A lot goes through your mind when you are in a car crash. Sometimes, the emotional and physical impact of your crash doesn't really "set in" until a few days after the accident occurs. There are many injuries related to car crashes that may not be immediately apparent right after the accident happens. For example, many common injuries that can show up in the days or weeks following an accident include whiplash, headaches, back and neck pain, fogginess and disorientation, and emotional effects.
You may not know this, but the warmer weather also brings about a rise in traffic accidents and tickets. An article written by Insurance Hotline reported that almost 27% of tickets and 27% of car accidents occur during July, August, and September. Many people believe this rise in ticketing is due to summer travel and tourism, which is coupled with increased road construction in the summer. It is also likely that people are less cautious when driving in the summer, because the roads are generally clear and dry. No matter the cause, these statistics are reason enough to be extra cautious when you are driving around with your family this spring and summer.
Heads up, everyone! A new state law went into effect this past week. Called the "Ride on Red" law, it allows PA drivers to go through some red lights. The law states that if a stop light isn't responsive and if no one else is coming around you, you can legally drive through the intersection on the red light. It's consider a common sense law to alleviate some problems in vehicles that can't be detected by the existing red light system, such as motorcycles. Use common sense and caution when taking advantage of this law!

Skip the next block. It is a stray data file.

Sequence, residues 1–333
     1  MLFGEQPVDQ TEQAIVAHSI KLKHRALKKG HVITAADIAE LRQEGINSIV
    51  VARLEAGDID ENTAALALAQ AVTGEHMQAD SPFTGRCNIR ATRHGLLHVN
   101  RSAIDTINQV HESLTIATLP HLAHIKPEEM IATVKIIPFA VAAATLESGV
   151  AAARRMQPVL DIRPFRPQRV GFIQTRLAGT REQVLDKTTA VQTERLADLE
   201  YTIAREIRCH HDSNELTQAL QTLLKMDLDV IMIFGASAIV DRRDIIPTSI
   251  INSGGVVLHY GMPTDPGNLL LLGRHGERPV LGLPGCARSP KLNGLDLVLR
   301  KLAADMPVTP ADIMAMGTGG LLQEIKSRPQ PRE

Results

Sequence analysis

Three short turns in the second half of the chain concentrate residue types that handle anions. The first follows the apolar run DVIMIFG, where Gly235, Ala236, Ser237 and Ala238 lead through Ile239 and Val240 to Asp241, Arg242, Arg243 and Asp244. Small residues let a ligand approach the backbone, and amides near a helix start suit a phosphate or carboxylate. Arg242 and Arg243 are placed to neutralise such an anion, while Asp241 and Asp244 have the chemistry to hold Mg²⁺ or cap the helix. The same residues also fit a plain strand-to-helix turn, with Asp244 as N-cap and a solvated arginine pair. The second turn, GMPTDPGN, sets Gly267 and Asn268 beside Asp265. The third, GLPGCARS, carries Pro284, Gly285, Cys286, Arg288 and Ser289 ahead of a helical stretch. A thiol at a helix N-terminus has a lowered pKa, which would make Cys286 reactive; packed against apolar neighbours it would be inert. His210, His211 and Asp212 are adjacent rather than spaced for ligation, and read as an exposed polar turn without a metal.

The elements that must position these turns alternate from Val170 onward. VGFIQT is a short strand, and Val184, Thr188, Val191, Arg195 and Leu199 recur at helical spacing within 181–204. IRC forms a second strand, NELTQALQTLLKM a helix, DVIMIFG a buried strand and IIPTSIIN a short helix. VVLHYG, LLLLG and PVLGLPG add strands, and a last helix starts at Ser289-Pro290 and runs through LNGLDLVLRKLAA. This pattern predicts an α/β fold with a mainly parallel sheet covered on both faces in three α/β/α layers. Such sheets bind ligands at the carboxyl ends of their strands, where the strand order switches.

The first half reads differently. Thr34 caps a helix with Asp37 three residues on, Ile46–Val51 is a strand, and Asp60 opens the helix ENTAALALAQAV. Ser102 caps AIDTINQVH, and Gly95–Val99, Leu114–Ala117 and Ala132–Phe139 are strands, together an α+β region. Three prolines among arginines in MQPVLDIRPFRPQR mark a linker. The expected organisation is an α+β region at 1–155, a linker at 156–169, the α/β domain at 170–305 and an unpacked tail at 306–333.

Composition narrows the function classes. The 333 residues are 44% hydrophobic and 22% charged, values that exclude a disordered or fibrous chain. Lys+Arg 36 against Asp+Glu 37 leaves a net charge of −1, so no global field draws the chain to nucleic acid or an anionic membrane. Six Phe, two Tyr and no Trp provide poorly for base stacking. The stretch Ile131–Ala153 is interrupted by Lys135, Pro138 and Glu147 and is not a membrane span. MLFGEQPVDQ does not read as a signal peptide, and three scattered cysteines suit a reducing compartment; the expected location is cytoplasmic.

Have you ever been involved in a busy sports game and initially felt fine, but experienced significant pain days and weeks later? The same is true for car accidents. Even when they seem small at first, these car accidents can have lasting effects that can influence both your work and personal life. What are some of the long-term indications of a car accident injury? They may range from the psychological to the physical.
Often when people hear about traumatic brain injuries, they tend to envision accidents related to sports. In reality, falls are the number one leading cause of traumatic brain injuries, followed closely by car crashes. This information, courtesy of the Centers for Disease Control, is true across all age groups.
You've probably heard about whiplash before, especially as it relates to car accidents. However, do you really know what the medical condition is and what the treatments are?Whiplash is a painful and common cause of complaint after an injury such as an automobile accident. Also known as Whiplash Associated Disorder (WAD), this disorder is characterized by soft tissue damage to the neck and upper spinal area, and in some cases the face and back as well. Due to the sudden flexion and extension of the neck following an accident such as an automobile collision, the body does not have enough time to compensate for the sudden change in motion and reacts by snapping the head front and back. Unfortunately, this puts too much strain on the neck muscles and can lead to lasting pain, chronic headaches, restricted range of motion, and dizziness for months following an injury. In some cases, the pain associated with whiplash is so severe that it interferes with work and sleep, thus leading to both fatigue and irritability. In even more severe cases, these problems can develop into depression and lowered cognitive abilities, such as problems with memory and concentration. Disc herniation may also have occurred during the accident and will need to be addressed by a physician.